to the King. In this manner the colonies were made royal even when England itself was becoming parliamentarian and republican. In this manner, from the subinfeudations granted by the proprietor, prince, or council of proprietors in the colonies to antrustians—to officers, gentlemen and others on whose honor the proprietor might rely for support military and administrative, a class of honor was being built up, a colonial aristocracy having many of the features of the ancient chivalry after whose feudal pattern and nature of fealty it was modeled. That this was the best system may be understood by reason and history proves it by facts. It built up faith and honesty in the entire population wherever it was introduced; it developed a local centre of administration, free from parliamentary interference and in harmony with the condition requisite for local prosperity. During that period, after the first hardships of colonization had been conquered, the greatest happiness and contentment prevailed in the colonies, and the best of those ancient colonial residences, preserved to modern times, show in their design the aspiration and character of the leading families, whose colonial importance under the Stuarts is the proudest boast of their descendants of the present day. In adopting this system the Stuarts were acting along constitutional lines. In regard to the nature of the population, the full meaning of the common law of England was put in active force. This common law recognizes the three classes into which every people is divided; I, the nobility, II, the professional class and, III, the burgesses. The charter of every Stuart colony made a provision for the just representation of each. In some colonies this representation was made more definite than in others, but in all there was a provision for it. The charter granted to Virginia in 1606 introduced the land tenure system of England into the country. Now in that early settlement period, on account of the lack of an exalted motive on the part of the first adventurers going into the country, the only idea in their minds was, as herebefore stated, the acquisition of wealth, and finally, estate, The English law was estab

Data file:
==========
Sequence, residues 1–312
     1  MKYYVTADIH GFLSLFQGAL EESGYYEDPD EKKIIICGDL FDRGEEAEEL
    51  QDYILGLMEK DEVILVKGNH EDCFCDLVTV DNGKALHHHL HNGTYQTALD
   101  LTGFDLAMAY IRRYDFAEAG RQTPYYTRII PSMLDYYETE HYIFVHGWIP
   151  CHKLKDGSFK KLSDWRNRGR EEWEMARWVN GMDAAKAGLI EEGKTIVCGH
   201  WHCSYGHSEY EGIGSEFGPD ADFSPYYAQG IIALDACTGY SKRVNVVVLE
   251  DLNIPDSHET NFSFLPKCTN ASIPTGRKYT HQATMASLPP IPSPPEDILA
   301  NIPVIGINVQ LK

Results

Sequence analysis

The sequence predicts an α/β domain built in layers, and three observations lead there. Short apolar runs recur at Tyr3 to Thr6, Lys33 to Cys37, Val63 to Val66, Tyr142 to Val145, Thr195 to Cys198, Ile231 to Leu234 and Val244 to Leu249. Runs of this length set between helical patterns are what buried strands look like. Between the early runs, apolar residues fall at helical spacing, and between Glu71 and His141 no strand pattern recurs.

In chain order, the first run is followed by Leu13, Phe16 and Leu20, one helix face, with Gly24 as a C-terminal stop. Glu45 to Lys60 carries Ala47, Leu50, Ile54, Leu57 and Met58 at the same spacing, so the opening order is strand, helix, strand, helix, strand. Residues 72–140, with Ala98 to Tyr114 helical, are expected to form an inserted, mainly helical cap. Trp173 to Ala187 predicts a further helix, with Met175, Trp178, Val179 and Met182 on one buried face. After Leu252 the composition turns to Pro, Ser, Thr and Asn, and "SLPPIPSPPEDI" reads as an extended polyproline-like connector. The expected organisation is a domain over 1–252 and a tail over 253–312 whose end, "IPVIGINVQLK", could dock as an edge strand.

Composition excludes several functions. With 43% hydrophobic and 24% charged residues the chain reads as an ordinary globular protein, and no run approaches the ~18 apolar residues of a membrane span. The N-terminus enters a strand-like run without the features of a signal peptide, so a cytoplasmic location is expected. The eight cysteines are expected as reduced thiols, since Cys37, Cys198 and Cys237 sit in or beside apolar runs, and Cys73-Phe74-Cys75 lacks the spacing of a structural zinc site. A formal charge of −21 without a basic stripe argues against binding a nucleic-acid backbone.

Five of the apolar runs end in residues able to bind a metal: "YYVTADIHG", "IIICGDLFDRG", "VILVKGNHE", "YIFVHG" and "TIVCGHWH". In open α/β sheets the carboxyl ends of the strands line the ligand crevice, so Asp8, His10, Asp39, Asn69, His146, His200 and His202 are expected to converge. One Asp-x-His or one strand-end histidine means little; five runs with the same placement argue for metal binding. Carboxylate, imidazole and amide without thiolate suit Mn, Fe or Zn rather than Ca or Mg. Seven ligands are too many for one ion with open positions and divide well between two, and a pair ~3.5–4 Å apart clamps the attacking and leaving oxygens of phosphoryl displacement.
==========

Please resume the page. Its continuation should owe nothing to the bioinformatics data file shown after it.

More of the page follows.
lished. According to English law, not only a city but a division of the country must be erected into a “borough” before it might be represented in the legislature. But no baronial or manorial grant was made in Virginia from the earliest date down to the extinction of Crown authority beneath the democratic American revolution. A great many “broken” gentlemen had come over even with the first colonists, and they were not of a good quality of their own class. There were a few who thought of restoring their family station “in the pomp of heraldry” and the pride of statecraft, and of erecting manours and baronies in the new world in the romantic spirit of old Europe. But the records show that these “decayed gentlemen” were in general the least valuable of all the colonists to Virginia. In fact, had it not been for the indominatable courage and genius of a soldier among them, Capt. John Smith, the early colonists would have perished from their own dissipation and ignorance and lack of cohesive energy. Smith organized the necessary labors to be performed and compelled their performance by his authority as chief of the colony, he having been appointed to that position by the “London Council” in control of the colony. This Council consisting of thirteen of the British nobility held the colony as a direct feudatory of the Crown, who were to administer the colony according to the provisions of the charter. This charter was the constitution of Virginia and as such was an abstract of the Common Law of England. In addition this abstract provided that: